Cirrhosis, the irreversible damage to the liver, is a leading cause of mortality in the United States (US). It is estimated to affect over half a million patients and result in over 40,000 deaths each year1,2. A recent analysis of Census Bureau Data suggests a steep rise in the age-adjusted death rate due to cirrhosis in the last decade3. Liver cirrhosis is also associated with substantial complications (e.g. ascites, hepatic encephalopathy, GI bleeding) that result in frequent hospitalizations, disability, and mortality 4–9. As with many diseases, prevalence and incidence are collected via National Health and Nutrition Examination Survey (NHANES), a population based self-report of disease conditions. Unfortunately, many patients afflicted with liver disease are missed by patient self-report, with one study finding that 69% of patients with liver disease were unaware of this fact 2. Hence, one of the greatest challenges related to liver cirrhosis is that no accurate estimate of the true incidence and prevalence of liver cirrhosis in the US exists. The PCORnet Surveillance Program grant is an ideal setting to tackle this important epidemiologic problem because clinical data are so essential in early identification of this disease before complications occur.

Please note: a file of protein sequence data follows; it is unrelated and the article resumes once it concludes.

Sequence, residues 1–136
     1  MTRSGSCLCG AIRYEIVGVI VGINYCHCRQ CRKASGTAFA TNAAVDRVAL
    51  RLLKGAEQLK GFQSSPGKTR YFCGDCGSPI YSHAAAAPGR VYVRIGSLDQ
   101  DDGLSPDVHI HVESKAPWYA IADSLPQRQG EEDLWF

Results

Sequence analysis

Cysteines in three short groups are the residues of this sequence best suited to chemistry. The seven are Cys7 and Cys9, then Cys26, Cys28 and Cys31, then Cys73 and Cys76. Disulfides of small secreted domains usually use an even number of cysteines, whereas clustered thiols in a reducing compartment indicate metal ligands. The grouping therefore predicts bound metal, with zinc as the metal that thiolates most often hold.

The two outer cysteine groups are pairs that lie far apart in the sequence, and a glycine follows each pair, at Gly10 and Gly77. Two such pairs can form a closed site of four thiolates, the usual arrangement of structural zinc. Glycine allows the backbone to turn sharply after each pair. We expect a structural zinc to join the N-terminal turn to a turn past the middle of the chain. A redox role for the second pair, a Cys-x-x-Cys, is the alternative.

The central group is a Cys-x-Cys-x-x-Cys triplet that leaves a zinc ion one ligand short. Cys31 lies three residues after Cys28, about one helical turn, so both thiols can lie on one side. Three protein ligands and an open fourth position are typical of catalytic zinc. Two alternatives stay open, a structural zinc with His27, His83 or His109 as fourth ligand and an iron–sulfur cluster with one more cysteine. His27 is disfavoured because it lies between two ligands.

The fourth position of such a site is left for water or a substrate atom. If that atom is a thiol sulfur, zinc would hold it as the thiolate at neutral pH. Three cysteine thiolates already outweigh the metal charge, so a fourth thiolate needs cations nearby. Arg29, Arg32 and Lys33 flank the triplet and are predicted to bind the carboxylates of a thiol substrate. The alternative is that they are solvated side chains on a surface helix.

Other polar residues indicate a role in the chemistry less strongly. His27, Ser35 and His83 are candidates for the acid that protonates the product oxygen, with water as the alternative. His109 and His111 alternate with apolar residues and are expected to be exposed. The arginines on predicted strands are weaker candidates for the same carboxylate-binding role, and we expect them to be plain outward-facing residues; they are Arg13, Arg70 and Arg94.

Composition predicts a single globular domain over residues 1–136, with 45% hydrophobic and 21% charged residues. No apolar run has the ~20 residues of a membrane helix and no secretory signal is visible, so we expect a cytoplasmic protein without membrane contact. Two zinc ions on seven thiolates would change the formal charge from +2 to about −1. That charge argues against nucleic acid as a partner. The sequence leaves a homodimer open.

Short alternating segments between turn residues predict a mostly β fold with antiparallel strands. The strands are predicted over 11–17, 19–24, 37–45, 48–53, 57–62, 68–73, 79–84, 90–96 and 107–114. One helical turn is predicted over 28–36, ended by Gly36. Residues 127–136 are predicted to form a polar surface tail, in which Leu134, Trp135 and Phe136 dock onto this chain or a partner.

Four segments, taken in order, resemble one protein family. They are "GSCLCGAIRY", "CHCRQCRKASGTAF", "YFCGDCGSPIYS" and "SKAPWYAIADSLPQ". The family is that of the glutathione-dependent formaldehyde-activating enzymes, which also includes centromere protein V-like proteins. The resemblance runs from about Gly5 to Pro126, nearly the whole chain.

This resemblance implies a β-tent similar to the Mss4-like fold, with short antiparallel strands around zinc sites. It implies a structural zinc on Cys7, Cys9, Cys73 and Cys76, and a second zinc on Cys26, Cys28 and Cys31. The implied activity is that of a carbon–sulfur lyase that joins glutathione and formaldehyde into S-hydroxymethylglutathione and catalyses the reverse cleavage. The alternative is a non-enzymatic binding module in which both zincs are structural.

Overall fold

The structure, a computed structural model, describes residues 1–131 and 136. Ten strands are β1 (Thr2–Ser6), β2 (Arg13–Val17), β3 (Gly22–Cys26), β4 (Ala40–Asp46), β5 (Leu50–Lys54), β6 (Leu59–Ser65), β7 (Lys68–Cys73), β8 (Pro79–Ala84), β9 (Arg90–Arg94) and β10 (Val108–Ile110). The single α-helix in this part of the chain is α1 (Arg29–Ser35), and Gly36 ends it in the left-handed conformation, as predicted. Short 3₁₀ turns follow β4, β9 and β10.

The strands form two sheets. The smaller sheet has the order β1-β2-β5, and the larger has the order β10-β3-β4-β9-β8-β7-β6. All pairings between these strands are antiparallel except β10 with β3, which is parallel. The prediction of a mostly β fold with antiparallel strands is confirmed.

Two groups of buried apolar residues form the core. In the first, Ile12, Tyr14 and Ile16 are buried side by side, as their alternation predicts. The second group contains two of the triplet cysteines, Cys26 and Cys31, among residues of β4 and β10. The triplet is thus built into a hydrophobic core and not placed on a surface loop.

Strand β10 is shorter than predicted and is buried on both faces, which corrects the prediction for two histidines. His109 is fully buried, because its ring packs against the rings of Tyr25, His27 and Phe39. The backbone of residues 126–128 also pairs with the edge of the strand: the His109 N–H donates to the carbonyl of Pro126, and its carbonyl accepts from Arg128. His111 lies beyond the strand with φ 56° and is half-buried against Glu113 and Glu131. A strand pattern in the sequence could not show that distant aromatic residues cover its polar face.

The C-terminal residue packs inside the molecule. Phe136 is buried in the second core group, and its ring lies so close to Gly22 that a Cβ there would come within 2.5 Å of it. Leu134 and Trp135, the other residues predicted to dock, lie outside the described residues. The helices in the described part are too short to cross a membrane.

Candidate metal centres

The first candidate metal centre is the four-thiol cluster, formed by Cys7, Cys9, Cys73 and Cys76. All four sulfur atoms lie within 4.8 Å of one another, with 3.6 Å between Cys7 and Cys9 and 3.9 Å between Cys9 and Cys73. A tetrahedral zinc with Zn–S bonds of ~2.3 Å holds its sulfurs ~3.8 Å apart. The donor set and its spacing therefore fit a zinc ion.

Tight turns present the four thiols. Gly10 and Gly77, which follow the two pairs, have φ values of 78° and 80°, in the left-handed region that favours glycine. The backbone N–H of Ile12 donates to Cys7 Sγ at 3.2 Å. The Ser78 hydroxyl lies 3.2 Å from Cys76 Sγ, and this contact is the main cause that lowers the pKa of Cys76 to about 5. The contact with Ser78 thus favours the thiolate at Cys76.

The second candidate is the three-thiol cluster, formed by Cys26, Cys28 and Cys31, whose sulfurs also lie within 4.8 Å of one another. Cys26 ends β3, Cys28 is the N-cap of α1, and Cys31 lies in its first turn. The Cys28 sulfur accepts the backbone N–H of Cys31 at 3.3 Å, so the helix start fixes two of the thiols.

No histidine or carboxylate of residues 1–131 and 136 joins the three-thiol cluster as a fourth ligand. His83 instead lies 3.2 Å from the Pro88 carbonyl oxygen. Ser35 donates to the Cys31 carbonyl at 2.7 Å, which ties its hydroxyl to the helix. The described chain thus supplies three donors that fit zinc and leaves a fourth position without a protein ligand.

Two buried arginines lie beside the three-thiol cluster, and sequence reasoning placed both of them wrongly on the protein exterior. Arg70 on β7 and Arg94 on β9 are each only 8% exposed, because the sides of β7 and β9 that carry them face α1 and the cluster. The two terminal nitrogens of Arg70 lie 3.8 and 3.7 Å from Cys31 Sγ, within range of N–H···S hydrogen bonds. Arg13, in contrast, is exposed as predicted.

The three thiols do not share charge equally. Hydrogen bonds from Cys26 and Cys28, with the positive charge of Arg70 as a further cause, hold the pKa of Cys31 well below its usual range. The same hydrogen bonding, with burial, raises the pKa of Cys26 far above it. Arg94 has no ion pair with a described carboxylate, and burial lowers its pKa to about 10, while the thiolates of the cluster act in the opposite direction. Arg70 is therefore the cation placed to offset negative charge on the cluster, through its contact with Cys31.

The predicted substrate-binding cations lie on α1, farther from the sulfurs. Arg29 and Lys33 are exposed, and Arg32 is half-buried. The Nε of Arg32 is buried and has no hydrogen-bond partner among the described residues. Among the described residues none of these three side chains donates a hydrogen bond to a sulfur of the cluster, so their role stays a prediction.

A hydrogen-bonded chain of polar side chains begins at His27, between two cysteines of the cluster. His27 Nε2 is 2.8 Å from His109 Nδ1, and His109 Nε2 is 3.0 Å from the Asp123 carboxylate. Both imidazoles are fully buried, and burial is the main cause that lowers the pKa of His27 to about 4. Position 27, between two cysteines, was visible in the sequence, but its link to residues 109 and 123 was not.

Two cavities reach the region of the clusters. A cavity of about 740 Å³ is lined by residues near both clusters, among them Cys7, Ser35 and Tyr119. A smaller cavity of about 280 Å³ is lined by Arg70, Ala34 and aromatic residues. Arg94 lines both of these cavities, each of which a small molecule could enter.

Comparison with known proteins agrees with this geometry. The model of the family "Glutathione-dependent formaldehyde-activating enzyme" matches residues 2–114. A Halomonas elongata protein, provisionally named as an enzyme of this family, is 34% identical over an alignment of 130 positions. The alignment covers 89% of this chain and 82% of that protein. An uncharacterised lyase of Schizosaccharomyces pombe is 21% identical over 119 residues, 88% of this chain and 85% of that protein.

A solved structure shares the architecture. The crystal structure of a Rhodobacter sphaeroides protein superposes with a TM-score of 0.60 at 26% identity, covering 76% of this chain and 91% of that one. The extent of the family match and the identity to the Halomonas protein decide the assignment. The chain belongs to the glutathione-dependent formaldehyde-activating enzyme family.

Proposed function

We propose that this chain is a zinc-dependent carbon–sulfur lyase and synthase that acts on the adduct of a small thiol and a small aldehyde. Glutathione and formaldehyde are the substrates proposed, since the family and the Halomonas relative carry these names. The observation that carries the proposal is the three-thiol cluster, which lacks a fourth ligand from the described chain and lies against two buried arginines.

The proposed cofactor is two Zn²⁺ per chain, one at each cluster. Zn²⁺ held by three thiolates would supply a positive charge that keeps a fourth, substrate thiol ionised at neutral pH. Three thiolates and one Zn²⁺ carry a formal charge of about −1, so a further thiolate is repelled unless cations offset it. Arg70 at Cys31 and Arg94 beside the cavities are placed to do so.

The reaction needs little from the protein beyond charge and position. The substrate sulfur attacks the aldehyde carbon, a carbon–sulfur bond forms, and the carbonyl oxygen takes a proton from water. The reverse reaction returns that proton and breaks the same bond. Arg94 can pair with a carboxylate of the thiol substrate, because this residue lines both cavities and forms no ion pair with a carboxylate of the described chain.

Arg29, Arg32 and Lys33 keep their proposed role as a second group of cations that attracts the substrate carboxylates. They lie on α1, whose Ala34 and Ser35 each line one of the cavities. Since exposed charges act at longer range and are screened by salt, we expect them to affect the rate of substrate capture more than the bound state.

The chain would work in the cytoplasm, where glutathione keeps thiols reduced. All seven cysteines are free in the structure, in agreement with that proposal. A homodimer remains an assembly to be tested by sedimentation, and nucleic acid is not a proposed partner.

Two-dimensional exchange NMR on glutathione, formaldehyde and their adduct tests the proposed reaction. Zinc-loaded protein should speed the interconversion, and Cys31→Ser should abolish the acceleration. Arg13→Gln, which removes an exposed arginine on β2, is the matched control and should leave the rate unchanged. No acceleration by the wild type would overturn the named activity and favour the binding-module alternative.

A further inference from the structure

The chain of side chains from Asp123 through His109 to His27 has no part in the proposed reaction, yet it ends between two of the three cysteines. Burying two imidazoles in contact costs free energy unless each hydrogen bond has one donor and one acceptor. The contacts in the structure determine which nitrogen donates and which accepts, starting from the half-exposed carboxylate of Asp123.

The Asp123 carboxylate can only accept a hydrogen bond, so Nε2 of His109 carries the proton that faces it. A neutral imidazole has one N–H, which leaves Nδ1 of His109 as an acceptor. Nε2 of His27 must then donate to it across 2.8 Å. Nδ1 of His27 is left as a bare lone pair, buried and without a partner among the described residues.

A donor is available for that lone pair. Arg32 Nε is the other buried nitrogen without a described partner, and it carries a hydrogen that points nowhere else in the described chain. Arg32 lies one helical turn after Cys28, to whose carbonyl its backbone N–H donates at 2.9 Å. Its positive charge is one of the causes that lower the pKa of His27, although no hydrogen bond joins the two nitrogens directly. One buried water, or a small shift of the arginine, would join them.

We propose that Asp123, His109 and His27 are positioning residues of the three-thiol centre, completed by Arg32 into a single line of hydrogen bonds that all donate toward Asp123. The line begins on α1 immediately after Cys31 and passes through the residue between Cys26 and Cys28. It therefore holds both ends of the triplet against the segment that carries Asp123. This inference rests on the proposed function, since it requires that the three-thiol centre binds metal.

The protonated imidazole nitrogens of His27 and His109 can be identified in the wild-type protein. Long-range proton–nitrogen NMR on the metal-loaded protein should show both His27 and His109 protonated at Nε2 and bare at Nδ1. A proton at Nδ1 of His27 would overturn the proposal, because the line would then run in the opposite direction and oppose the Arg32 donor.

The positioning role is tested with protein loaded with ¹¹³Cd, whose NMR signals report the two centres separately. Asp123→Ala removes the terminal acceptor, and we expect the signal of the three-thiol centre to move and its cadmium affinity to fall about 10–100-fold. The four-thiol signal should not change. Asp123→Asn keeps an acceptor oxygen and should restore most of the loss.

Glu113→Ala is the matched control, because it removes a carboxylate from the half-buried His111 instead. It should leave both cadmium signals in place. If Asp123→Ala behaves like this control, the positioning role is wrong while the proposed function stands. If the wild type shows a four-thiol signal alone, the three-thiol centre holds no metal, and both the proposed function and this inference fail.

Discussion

|Effective start/end date||4/1/19 → 8/31/20|
- Harvard Pilgrim Health Care, Inc. (Agmt. 8/6/2019)
- Patient-Centered Outcomes Research Institute (Agmt. 8/6/2019)
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